Mary Surratt's Ancestors, Marriage, And Children

Mrs. Surratt was born Mary Elizabeth Jenkins. The Prince George’s County marriage records show that her father and mother were married on January 4, 1821. Her father was Archibald Jenkins, then in his 40s, a farmer and minor county official who had connections with the powerful Calvert family. Archibald Jenkins’s father was Zadoc(k) Jenkins, who died December 18, 1811. He was a tenant farmer on a portion of the 7,000-acre Calvert property known as “His Lordship’s Kindness,” then owned by Edward H. Calvert. When the Jenkins estate was being settled in 1812, Edward H. Calvert swore that Zadoc Jenkins still owed him rent for two years--6,000 pounds of tobacco. Archibald Jenkins continued to have dealings with Edward H. Calvert and, from bits and pieces, he probably stayed on the same Calvert land farmed by his father. Ultimately the Jenkins family purchased some of this land. Today, most of this Jenkins land would be within the boundaries of Andrews Air Force Base, on the Clinton side, just off Old Alexandria Ferry Road.

Mrs. Surratt’s mother was Elizabeth Ann Webster, 26 years of age at the time she married Archibald Jenkins. Her father was James Gibbs Webster, at one time an overseer for Edward H. Calvert.

The first child of the Jenkins-Webster marriage was John Zadoc Jenkins, named for his grandfather Jenkins. He was born February 2, 1822, as shown on his stone in Mt. Olivet Cemetery in Washington. The second child was Mary Elizabeth Jenkins. A family record shows that she was born in 1823, but the month and day are not given and are not known. From a variety of sources, it has been concluded that she was born in May or June of 1823. The third child was James Archibald Jenkins, born in 1825.

Then tragedy struck. The father, Archibald Jenkins, died in the fall of 1825, according to the papers relating to the administration of his estate. Little Mary Elizabeth Jenkins, just over two years of age at the time, probably did not remember her father.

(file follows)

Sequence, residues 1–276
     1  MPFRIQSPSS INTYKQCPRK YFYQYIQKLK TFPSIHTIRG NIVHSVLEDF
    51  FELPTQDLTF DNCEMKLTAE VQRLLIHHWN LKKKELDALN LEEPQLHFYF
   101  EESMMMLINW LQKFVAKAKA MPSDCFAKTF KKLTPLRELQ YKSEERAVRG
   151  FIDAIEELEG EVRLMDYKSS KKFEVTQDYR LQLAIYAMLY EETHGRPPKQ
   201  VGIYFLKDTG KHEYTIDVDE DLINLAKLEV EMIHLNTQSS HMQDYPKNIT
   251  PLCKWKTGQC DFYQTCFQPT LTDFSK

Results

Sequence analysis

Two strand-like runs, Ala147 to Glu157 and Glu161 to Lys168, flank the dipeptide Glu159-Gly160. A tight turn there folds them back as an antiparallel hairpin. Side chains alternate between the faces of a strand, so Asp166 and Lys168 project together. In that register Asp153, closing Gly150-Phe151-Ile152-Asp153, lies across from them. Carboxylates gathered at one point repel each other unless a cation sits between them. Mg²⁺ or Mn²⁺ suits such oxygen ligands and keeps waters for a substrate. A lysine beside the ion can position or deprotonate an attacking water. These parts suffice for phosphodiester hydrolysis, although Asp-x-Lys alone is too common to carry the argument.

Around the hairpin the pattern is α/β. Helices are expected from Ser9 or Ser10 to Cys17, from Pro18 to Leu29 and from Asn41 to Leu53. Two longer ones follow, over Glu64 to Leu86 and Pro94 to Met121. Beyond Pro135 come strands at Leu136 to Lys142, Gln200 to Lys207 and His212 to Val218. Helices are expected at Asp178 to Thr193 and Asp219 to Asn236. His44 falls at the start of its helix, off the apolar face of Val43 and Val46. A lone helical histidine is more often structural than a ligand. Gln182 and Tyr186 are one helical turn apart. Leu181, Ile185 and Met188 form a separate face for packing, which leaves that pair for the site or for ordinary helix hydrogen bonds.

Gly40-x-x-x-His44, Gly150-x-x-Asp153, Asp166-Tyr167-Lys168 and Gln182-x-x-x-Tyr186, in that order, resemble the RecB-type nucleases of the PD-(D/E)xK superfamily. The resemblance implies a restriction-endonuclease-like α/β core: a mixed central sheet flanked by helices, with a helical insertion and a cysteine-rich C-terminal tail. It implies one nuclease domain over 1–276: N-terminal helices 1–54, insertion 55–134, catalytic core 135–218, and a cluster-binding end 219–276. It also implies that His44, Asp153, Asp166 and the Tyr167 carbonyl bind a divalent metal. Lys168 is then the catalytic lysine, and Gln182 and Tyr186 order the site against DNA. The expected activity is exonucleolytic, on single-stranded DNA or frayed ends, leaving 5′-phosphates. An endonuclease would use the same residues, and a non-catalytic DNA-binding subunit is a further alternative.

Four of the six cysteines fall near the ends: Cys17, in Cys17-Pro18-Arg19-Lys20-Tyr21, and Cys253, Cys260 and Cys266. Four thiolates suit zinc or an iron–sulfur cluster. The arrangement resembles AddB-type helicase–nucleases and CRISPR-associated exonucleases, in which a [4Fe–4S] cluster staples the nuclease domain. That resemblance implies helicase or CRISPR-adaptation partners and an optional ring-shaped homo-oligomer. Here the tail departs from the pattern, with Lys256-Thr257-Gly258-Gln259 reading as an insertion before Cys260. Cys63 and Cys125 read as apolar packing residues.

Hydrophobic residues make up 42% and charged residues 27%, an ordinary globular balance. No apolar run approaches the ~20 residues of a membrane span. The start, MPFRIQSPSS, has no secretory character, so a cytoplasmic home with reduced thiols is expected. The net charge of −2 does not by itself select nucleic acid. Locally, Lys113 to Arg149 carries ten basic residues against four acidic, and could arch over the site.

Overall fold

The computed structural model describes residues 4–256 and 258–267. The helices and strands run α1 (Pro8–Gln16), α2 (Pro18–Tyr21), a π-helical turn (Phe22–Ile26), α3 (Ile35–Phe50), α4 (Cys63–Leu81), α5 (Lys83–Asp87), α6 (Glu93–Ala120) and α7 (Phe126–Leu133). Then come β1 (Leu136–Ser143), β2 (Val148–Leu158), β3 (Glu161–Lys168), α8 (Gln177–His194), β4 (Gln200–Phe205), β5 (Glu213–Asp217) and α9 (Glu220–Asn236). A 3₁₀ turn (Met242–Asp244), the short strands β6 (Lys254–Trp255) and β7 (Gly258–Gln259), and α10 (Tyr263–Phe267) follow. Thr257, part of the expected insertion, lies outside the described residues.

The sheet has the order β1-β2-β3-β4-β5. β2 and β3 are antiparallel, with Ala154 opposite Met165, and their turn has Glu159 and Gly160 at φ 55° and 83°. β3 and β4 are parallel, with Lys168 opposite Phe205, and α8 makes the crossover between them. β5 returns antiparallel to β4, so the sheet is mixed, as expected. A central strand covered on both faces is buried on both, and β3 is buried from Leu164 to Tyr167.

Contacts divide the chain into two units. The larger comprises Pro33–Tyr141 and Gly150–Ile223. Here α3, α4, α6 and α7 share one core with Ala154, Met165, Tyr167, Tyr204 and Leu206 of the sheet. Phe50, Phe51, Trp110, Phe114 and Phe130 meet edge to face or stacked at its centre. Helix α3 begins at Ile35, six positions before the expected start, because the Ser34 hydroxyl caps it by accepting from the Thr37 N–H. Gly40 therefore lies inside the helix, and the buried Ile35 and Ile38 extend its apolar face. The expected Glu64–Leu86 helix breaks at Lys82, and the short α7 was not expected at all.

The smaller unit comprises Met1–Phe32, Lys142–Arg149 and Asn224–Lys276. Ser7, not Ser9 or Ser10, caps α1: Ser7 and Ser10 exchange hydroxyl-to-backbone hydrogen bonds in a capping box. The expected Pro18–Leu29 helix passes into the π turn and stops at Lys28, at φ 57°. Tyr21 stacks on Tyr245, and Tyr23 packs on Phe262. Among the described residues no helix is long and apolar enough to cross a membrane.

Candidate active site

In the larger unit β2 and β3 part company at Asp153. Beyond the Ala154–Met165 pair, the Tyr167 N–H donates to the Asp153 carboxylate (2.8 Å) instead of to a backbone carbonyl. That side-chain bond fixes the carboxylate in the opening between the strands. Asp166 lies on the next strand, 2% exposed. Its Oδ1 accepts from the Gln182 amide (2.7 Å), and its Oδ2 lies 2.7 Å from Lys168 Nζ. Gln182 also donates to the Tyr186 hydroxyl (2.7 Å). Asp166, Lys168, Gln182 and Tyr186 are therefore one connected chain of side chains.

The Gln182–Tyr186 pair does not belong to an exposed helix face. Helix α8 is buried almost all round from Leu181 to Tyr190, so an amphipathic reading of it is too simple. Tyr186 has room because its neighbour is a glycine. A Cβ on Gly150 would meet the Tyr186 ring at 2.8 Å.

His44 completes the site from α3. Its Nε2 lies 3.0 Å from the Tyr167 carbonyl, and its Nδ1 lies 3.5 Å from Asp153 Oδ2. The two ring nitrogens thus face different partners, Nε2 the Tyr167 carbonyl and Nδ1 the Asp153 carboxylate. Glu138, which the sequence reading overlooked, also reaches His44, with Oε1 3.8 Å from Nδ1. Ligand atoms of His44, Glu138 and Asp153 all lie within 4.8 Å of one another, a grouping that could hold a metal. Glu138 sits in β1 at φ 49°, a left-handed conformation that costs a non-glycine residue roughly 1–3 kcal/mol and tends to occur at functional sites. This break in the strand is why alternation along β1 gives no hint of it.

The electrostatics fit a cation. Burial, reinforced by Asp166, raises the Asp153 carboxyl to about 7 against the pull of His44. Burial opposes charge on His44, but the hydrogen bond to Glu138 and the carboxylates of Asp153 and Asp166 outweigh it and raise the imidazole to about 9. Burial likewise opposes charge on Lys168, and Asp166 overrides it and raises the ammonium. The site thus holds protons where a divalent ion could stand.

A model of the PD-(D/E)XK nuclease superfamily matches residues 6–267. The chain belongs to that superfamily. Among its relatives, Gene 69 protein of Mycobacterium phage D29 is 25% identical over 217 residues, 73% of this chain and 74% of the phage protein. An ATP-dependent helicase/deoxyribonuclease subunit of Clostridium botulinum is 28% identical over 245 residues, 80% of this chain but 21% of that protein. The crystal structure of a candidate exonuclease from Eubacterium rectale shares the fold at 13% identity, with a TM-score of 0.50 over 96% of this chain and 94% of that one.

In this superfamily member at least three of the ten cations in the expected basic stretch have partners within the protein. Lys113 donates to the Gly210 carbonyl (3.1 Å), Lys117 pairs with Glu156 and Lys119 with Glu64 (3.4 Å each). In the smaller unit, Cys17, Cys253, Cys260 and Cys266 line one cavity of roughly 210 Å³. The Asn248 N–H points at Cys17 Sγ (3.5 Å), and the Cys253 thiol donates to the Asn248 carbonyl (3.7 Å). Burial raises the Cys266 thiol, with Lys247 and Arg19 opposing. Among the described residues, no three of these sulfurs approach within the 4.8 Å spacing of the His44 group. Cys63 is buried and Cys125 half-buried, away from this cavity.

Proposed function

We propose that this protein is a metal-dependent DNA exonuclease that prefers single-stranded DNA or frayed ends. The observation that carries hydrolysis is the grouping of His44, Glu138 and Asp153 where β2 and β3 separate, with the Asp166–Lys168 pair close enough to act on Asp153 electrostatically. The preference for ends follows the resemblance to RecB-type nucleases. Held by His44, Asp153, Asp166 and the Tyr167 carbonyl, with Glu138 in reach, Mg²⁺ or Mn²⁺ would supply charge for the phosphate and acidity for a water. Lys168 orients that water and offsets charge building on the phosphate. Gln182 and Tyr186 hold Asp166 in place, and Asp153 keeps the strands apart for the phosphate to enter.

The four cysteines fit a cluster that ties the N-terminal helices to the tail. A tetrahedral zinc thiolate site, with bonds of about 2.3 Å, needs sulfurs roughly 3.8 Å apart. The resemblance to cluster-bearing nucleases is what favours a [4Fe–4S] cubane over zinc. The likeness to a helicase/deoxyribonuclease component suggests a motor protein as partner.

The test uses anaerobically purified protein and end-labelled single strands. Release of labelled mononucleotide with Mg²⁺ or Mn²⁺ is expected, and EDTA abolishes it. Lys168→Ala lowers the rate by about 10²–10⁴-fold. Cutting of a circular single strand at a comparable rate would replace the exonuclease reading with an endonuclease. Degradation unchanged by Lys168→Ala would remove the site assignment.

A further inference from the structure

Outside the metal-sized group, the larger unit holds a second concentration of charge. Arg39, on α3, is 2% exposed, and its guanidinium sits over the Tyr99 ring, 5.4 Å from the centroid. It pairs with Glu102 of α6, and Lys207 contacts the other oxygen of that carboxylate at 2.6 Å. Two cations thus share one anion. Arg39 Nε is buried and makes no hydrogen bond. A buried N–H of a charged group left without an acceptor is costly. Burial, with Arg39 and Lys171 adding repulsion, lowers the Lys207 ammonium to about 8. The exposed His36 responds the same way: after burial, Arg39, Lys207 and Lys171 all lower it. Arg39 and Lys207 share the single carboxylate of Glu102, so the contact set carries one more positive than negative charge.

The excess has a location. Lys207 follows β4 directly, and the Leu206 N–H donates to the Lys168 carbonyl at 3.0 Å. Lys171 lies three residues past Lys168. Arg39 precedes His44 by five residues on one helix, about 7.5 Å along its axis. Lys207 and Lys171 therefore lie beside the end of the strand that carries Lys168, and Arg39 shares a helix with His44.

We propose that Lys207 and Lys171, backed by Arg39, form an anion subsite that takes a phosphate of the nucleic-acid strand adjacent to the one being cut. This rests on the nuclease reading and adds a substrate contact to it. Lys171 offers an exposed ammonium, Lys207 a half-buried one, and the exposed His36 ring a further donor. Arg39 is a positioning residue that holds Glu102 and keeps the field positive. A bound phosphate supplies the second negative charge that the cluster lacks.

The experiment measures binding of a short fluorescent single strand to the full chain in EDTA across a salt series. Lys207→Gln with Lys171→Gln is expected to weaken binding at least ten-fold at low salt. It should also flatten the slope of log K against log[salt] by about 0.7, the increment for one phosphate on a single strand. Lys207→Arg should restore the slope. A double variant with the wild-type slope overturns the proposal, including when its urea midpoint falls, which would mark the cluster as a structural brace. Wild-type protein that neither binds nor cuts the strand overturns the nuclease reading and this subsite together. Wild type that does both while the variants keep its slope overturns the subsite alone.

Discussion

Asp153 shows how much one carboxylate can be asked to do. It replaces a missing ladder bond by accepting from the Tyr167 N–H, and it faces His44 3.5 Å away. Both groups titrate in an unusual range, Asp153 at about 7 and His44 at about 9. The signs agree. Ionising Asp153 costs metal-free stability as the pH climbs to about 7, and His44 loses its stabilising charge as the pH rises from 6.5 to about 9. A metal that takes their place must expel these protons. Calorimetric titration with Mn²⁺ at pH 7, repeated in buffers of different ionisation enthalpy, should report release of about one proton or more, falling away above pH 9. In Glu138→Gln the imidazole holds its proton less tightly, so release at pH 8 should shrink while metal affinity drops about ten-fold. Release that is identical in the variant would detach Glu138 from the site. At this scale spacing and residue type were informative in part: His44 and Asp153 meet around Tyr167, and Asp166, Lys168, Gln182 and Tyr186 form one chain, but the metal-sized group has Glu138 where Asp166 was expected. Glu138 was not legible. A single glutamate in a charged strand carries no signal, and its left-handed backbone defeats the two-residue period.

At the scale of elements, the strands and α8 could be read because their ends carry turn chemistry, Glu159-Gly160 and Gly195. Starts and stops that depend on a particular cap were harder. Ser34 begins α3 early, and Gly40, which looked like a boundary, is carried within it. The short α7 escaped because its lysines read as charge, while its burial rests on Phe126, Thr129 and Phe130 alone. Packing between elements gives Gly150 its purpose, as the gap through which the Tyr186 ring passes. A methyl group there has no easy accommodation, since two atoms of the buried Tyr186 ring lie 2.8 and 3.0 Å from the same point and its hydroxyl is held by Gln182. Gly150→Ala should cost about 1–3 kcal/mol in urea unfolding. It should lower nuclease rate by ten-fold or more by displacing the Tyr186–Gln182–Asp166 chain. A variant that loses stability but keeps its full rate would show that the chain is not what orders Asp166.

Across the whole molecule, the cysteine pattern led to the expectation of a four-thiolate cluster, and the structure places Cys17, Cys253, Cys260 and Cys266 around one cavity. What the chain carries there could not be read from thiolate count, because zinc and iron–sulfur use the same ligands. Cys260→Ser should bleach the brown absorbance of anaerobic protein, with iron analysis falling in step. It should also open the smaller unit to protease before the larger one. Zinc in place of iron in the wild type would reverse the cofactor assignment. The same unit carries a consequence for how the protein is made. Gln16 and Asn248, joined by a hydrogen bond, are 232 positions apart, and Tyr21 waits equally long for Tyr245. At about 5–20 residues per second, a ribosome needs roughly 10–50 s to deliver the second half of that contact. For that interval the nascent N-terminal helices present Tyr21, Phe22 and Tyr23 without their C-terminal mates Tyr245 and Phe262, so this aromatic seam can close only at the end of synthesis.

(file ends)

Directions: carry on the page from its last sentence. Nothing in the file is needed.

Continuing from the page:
The widow was not one of those helpless women who could not cope. A picture of her indicates that she was highly competent. She conserved her husband's estate, which included eleven slaves and more in dispute, bought land and managed well. Mrs. Jenkins outlived her daughter by almost thirteen years, dying on June 8, 1878, aged 84. She is buried in a well-marked grave in the little cemetery at St. Ignatius Catholic Church on Brinkley Road in Oxon Hill.

Archibald Jenkins was undoubtedly a Protestant, although no church record for him has been found. Elizabeth Ann Webster Jenkins was Episcopalian, as shown by records in St. John's Parish. Her father,
James Gibbs Webster, was baptized at the Broad Creek Church on April 17, 1768. John Z. Jenkins, the first child of the Jenkins-Webster marriage, was married in the same St. John’s Parish to Mary D. Ridgeway on April 13, 1843, as shown by the church records. James Archibald Jenkins, the third child of the Jenkins-Webster marriage, remained Protestant all of is life (if he had a religious preference). He died around September 1, 1903, almost illiterate, a dissolute old man with a common-law wife. He is buried in an unmarked grave in back of Bell's Methodist Church in Camp Springs, Maryland. He was not a model citizen....